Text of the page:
I recently summarized a few cases in which a patient was either negligently or intentionally declared dead prematurely.  

But this recent case reported by Fox News in Dallas Fort Worth indicates misunderstanding by the family rather than error by the clinicians.  

26-year-old Martha Perez dies from injuries sustained in an car wreck involving a suspected drunk driver.  Perez was a registered organ donor and doctors told the family they were prepared to harvest the organs for donations.

The family objected: “But she still has heart and lung functions,” said family member Juan Martinez.  Unfortunately, this statement indicates that the family does not understand that these cardiopulmonary functions are compatible with legal death in Texas.  They can be artificially sustained even after death is determined (on neurological criteria).   

On the other hand, the family also alleges: “They took her off the life support and she was still breathing.”  If that is true, then the determination of death must have been wrong.  A person breathing on their own (without ventilation support) cannot be dead under either cardiopulmonary or neurological criteria.

Tuesday, November 18, 2014

Texas Legislature to Address Marlise Munoz Dead Pregnant Situation

Yesterday, on Inside Texas Politics, Texas Representative Matt Krause said he is preparing legislation for the 2015 session that will address the situation in which a pregnant woman is on life support.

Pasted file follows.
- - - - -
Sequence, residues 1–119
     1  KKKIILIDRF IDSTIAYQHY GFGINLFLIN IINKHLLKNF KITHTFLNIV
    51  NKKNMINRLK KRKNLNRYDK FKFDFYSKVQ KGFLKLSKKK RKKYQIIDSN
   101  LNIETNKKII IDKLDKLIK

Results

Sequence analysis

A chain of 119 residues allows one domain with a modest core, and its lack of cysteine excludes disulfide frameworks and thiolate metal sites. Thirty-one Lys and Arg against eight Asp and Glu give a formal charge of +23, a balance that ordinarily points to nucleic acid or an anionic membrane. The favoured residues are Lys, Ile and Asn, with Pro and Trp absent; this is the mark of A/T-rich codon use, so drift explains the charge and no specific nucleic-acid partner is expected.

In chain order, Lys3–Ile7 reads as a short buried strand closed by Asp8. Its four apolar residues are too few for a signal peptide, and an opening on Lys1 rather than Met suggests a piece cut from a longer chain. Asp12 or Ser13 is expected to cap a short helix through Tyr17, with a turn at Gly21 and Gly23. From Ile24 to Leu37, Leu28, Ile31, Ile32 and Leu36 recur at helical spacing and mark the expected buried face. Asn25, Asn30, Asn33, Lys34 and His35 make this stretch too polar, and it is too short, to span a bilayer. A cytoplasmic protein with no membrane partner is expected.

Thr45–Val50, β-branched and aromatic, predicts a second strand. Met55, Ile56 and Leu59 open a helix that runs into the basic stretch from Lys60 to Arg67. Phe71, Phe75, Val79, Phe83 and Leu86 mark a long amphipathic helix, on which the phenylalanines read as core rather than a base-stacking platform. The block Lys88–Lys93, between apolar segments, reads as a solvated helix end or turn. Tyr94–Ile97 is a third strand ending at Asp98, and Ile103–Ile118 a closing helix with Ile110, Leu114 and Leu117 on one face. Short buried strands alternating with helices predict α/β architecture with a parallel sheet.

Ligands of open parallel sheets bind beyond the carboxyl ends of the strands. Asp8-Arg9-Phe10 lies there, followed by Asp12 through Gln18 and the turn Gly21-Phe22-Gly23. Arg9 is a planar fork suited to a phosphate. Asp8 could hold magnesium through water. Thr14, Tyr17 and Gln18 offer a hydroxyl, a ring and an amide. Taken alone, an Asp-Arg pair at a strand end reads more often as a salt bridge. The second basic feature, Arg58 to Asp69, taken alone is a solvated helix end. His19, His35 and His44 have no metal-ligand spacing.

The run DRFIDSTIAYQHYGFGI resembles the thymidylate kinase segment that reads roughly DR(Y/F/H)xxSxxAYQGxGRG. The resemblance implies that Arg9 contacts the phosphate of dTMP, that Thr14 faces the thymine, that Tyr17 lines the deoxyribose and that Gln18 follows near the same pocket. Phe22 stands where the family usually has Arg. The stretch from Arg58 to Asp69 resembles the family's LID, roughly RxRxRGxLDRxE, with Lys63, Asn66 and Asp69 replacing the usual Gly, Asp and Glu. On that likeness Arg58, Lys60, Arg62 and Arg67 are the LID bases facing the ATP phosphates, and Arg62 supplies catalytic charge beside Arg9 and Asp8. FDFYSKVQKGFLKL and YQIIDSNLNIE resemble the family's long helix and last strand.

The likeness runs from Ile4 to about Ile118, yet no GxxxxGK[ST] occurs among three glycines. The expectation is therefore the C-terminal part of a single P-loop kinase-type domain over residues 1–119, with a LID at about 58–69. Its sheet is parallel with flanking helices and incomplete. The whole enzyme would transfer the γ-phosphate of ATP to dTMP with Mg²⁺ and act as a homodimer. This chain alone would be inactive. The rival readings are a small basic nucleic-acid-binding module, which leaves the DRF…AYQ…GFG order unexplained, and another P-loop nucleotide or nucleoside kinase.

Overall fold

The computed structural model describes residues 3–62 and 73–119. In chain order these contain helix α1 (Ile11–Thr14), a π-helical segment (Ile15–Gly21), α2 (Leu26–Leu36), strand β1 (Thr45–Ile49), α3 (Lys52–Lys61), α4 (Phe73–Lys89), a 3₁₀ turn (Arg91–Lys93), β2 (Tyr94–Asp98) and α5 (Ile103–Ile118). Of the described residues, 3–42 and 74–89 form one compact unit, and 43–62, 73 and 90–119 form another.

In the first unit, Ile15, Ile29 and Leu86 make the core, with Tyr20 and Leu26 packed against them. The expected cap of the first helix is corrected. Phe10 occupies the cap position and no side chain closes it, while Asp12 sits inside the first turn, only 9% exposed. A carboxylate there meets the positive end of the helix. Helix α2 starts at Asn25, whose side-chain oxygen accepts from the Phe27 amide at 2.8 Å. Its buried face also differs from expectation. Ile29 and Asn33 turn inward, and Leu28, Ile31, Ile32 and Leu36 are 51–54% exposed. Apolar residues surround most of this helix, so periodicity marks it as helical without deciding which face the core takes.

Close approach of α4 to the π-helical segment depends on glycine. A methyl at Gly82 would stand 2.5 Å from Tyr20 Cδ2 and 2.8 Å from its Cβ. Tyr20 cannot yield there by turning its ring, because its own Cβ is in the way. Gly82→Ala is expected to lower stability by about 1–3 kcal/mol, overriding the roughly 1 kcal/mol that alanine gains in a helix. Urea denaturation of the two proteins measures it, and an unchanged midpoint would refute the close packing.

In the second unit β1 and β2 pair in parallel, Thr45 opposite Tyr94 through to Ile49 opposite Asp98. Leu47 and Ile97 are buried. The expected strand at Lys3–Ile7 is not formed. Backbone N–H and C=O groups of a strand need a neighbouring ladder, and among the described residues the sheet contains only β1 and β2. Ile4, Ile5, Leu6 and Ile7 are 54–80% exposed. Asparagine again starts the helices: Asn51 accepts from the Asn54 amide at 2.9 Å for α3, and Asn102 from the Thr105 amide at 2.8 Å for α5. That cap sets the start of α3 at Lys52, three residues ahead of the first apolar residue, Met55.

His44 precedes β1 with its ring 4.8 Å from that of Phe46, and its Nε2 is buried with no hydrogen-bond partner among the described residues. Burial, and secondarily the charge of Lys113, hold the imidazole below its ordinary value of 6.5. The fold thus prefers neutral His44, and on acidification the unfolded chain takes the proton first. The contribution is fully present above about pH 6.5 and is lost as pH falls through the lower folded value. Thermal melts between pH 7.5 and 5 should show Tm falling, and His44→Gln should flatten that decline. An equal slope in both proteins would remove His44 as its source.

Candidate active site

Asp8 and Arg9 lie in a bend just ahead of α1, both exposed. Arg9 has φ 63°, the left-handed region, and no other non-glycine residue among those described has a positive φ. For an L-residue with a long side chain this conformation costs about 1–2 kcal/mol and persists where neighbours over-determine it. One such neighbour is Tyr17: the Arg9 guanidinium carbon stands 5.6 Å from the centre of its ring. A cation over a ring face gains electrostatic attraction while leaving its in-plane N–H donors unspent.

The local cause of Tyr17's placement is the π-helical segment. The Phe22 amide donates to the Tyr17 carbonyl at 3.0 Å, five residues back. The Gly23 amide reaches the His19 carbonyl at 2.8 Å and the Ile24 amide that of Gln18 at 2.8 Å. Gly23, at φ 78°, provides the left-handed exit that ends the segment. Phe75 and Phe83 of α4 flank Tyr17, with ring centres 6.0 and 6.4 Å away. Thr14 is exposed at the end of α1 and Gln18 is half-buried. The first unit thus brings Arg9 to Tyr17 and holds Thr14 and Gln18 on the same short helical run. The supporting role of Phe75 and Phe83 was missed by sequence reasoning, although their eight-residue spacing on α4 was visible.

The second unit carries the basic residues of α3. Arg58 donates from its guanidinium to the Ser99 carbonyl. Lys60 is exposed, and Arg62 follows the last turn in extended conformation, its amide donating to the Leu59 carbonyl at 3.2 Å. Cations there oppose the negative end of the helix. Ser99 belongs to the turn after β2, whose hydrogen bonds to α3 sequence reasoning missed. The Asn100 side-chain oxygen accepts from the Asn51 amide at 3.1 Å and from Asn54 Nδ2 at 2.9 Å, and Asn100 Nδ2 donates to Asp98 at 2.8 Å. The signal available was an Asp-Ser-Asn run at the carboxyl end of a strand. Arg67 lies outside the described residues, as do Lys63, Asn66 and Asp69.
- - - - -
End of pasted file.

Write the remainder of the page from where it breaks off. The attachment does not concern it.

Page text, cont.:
Removing life support from a pregnant woman is currently not allowed.  But if the woman is dead, like Marlise Munoz was, then stopping "life sustaining treatment" is not prohibited.  Krause plans to require the appointment of a guardian ad litem for the fetus to ensure that her interests are represented.


Representative Krause is a former lawyer with Liberty Counsel, an "international nonprofit litigation, education, and policy organization dedicated to advancing religious freedom, the sanctity of life . . ."


Monday, November 17, 2014

Janina Kolkiewicz Wakes Up in Morgue after Pronounced Dead

On November 6, a Polish physician made a house call on 91-year-old Janina Kolkiewicz.  But after finding "no basic life functions," the physician declared her dead.  Two hours later she was taken to the morgue.

The physician checked for a pulse on a forearm and neck arteries, listened for a heartbeat and the sound of breathing, and checked the pupils for reaction to light, but found none. (CBC News)


Nevertheless, shortly before midnight, an undertaker who brought in another body noticed that Kolkiewicz was moving inside a bag she had been placed in. Once it was opened, she complained of being cold and asked for hot tea, the media said. She was then taken home.


Local officials are urging a regional court to void the death certificate that discontinued Kolkiewicz's benefits such as her pension.


The Guardian collects other cases to make the point that this situation is not as uncommon as you might think.


Sunday, November 16, 2014

Oregon Death with Dignity Act - 20th Anniversary

Last week marked the 20th anniversary of the Oregon Death with Dignity Act.  

Ballot initiative 16 was approved in the November 8, 1994 general election. 627,980 votes (51.3%) were cast in favor, 596,018 votes (48.7%) against.  But an injunction delayed implementation of the Act until October 27, 1997.